Caimans and shamans are all part of an amazing Amazon adventure experienced by cruise writer Jeannine Williamson.
“Don’t worry,” says naturalist Victor as the driver cuts the engine on our small boat and we collectively scrabble for cameras and binoculars, “it’s not going anywhere in a hurry.”
We’re already amazed his eagle eyes managed to spot the distant and virtually indiscernible shape of a sloth high in a tree. Zoom lenses reveal the pinpoint detail of our first wildlife sighting in the Amazon rainforest as the sloth dozes on, oblivious to all the excitement going on below. Meanwhile, Victor explains their super slow metabolism means they can go without food for days and snooze up to 20 hours a day.
Equally, it didn’t take long for us to relax and allow the sights and sounds of the jungle to come to us. From the Peruvian capital Lima - well worth a stay of a few days - we’d flown to Iquitos, the riverside town founded by Jesuit missionaries in the 18th century and now the gateway to Amazon cruises. The enormity of South America’s largest river, and second longest in the world, was immediate the moment we boarded G Adventure’s comfortable 30-passenger vessel Amatista. Here the river was already half a mile wide, but as we set sail it broadened out further, flanked on each side by the dense and seemingly impenetrable forest of the remote 8,000 square mile Pacaya-Samiria Reserve, Peru’s largest protected habitat.
That night we gathered in Amatista’s cosy lounge and learned the 4,345-mile river rises in the Andes and 60% of Peruvian territory is covered by the rainforest, more than any other country. It is home to some 25,000 plant species, 1,800 types of birds, 361 mammals, almost 300 reptile species and 2,500 types of fish, vastly outnumbering the 6% of the Peruvian population living there - mostly indigenous tribes, many isolated from the outside world.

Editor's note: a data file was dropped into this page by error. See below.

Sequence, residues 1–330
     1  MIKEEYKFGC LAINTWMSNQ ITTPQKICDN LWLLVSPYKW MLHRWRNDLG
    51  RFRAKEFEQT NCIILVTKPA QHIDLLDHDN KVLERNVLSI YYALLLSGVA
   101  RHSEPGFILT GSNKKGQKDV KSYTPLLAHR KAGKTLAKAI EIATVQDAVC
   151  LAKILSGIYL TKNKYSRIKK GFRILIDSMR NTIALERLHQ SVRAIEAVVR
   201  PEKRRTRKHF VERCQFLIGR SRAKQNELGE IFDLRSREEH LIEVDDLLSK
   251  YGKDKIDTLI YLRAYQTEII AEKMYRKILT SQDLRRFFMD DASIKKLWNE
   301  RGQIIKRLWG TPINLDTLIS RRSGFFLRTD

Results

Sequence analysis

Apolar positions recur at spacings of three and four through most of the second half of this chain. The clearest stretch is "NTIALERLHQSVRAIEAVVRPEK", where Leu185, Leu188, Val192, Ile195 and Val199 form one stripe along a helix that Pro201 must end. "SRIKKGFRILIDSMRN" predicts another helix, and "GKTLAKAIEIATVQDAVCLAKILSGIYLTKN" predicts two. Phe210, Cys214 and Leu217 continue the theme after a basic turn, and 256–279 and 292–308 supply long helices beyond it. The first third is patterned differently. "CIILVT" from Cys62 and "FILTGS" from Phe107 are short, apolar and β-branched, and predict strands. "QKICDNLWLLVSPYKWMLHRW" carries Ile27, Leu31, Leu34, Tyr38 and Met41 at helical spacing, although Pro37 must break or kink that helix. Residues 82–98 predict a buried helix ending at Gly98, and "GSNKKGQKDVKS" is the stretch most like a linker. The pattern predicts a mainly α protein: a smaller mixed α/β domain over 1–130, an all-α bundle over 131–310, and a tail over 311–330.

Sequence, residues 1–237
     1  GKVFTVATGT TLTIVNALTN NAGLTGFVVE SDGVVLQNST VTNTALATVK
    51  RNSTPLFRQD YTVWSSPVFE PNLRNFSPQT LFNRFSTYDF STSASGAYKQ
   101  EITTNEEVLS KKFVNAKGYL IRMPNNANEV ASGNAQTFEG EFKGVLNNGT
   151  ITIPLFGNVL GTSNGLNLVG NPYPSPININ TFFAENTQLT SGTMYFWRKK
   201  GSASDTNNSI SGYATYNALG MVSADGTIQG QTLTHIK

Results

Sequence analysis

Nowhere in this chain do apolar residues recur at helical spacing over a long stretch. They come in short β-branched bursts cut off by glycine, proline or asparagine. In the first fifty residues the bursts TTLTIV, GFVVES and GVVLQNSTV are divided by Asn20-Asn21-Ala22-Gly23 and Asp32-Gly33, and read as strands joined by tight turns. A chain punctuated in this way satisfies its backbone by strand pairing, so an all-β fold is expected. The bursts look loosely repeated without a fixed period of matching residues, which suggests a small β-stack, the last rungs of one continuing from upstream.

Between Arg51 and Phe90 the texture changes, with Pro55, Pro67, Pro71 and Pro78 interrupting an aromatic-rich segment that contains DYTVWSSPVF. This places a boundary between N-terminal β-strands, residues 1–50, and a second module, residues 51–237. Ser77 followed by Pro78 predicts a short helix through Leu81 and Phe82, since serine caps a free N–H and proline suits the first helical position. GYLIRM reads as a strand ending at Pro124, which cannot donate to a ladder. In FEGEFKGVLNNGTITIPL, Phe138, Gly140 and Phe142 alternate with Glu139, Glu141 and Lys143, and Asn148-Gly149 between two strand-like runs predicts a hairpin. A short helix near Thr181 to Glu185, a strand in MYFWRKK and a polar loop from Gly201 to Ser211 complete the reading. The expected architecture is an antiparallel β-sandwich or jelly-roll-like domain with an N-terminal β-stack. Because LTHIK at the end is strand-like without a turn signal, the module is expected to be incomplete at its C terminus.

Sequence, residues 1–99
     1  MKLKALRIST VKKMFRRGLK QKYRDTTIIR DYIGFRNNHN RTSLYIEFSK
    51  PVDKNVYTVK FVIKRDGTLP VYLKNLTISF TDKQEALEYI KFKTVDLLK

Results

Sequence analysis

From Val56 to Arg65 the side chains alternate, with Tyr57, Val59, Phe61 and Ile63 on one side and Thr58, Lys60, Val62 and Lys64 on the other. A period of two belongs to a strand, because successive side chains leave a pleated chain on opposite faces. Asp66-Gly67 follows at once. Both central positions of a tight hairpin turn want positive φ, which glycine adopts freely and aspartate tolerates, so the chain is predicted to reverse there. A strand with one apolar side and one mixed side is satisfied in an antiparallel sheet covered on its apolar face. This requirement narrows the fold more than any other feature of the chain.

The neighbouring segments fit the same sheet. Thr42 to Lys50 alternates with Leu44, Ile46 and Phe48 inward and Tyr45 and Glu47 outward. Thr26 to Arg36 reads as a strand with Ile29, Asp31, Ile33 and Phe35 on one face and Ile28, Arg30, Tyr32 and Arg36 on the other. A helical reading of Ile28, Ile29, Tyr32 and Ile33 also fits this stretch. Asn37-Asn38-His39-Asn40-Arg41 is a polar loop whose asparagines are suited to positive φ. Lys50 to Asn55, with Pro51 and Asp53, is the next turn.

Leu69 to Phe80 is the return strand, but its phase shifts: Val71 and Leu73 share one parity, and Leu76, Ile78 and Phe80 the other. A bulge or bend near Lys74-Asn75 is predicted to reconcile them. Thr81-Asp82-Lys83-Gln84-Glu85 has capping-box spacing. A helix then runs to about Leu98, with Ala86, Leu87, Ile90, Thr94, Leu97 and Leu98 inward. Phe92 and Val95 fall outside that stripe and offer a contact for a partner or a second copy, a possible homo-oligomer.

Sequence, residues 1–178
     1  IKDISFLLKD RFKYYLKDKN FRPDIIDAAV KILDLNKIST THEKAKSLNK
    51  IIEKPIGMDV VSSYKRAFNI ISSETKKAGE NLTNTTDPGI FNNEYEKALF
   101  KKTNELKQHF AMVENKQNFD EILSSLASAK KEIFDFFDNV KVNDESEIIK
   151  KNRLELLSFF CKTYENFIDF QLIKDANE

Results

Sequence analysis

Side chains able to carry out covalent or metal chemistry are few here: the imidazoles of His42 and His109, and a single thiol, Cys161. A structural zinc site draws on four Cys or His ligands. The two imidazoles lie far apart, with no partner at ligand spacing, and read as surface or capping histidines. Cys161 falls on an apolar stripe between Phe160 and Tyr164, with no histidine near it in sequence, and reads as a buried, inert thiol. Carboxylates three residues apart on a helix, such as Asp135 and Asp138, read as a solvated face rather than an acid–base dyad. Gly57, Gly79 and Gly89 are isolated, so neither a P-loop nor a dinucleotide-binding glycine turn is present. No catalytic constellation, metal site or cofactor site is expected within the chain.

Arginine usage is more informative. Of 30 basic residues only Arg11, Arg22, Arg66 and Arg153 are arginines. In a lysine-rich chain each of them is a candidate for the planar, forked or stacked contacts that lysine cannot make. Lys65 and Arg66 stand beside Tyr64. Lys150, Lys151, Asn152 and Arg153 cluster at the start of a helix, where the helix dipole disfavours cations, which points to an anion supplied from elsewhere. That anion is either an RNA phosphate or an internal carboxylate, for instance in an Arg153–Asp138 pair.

Discarding watches we changed to jungle time, waking at 5.30am to the guttural roar of howler monkeys and birdsong signalling daybreak. We embarked on early morning expeditions in skiffs, arriving back for breakfast and avoiding the sultry midday heat when the rainforest sleeps. By late afternoon we set off again and as dusk fell the clicking cicada chorus heralded the onset of the evening jungle shift. One night warm rain was pierced by a dramatic electric storm lighting up the inky sky. Later Victor signalled the boat driver to stop and plunged his hands into the dark water to pick up a caiman. This time we had to take photos quickly before he released it.
Unlike some safaris, Amazonian Peru is not about ticking off boxes by spotting large and frequently uncamouflaged animals. The magic of the rainforest is listening until you hear its heartbeat and watching until your eyes really see what makes it tick. We remained astounded at Victor’s ability to spot the tiniest of frogs, insects, spiders and snakes (you don’t have to get too close unless you want to!) and other creatures that were, to us, totally invisible against the lush foliage. There were numerous birds and monkeys too, most memorably pink river dolphins and the opportunity to swim alongside them.
For local tribes the rainforest is their supermarket, providing everything they need for food, house building and medicines. It was fascinating to meet a female shaman, a local spiritual healer, whose remedies include ‘dragon’s blood’, a red tree sap that soothes skin irritations.
By the end of our stay Victor had opened our eyes in more ways than one and we returned home enriched by our journey into this incredible eco-system.